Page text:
Economic Outlook – Just a Few Comments After the Short Week
- Our comments are brief after a holiday-shortened week.
- We talked last week about the new home sales report week before last, and that it was positive. Some further housing news – the Pending Home Sales Index shows a 3.1% month to month increase in February (National Association of Realtors).
- Conference Board’s Consumer Confidence Index continues higher, and closed at 101.3 in March, a significant jump from 98.8 the previous month.
- We are still seeing some divergence in the two main manufacturing gauges. The PMI Manufacturing (Markit) sits at 55.7 while ISM’s Manufacturing Index (ISM) is at a lower 51.5. This will continue to bear watching.
- The labor market numbers look strong. Initial Jobless Claims are now all the way down to 268,000, which is among the lowest readings since the turn of the Millenium.
- One contrary indicator was a weak Employment Situation report. Payroll jobs increased by a fairly low 126,000 in March after increases of 264,000 in February and 201,000 in January. The unemployment rate held steady at 5.5 percent and matched expectations.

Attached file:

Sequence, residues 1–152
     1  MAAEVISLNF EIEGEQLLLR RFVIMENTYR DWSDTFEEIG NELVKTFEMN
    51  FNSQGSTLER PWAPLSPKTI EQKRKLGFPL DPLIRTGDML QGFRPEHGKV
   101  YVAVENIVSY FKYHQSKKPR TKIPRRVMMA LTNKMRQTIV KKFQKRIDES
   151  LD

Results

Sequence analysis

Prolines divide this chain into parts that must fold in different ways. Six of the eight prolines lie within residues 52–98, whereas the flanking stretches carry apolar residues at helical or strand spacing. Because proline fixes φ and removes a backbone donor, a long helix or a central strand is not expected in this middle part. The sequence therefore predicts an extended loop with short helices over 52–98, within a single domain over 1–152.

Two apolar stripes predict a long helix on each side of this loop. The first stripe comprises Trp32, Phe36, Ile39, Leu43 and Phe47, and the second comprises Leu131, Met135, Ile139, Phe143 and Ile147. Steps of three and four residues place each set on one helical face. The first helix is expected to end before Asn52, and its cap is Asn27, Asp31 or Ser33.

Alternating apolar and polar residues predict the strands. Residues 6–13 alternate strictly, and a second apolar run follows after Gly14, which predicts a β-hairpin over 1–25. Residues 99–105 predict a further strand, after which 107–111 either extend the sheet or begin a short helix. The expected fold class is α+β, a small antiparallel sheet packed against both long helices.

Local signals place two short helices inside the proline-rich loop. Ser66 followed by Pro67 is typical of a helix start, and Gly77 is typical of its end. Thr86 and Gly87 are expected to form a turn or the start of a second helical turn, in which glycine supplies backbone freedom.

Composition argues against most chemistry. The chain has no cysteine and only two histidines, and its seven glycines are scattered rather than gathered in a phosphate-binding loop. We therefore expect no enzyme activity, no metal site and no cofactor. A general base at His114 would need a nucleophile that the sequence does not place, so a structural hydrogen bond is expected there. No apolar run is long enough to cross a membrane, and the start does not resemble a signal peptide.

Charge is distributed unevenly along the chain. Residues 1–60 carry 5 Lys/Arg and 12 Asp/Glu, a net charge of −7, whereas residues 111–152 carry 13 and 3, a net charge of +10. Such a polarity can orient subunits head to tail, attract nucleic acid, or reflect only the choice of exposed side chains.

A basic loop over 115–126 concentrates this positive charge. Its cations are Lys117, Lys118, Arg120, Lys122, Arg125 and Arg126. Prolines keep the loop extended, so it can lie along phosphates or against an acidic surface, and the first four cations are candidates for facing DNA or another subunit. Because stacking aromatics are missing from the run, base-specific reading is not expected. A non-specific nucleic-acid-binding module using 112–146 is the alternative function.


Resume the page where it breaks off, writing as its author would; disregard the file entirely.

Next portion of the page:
- Looking overseas, the EU Commission’s measure of economic sentiment (ESI) advanced a further 1.6 points (following a higher revised February reading) to 103.9 in March. That makes four monthly increases in a row and we are now at a level we have not seen in four years.
- The manufacturing gauge (PMI) is higher across Europe. Germany (52.8), Italy (53.3) and Spain (54.3) all came in a levels not seen in a number of months. Only France remains in contraction mode, but saw its PMI edge up, at 48.8.
Equities Outlook: Looking at the Scorecard
- We now have the final numbers for the first quarter of 2015.
- The S&P 500 Index finished just barely positive (little less than +1%). The large cap growth sector outperformed large cap value by a pretty wide margin.
- Similar to what we saw before 2014, mid cap and small cap stocks are doing better than large cap companies. The Russell Mid Cap Index and the Russell 2000 Small Cap Index were both posting first quarter returns of approximately +4.0%.
- The likely explanation: a strong dollar probably does not hurt the smaller stocks’ earnings as much as it does for multinational companies.
- As we’ve discussed, International stocks (+4.88%) and Emerging Market stocks (+2.24%) are doing pretty well. The MSCI EAFE Index for developed international markets was in fact the top performer for the quarter, reminding us of the importance of global diversification in portfolio construction.
Fixed Income Markets: Rates Down a Bit Further
- The yield on the Ten-Year Treasury Note continues to decline. Last week, the yield on the Ten-Year closed at 1.83% from the previous week’s 1.92%.
The Week Ahead
- U.S., ISM Services Index (ISM)
- U.S., FOMC Minutes Released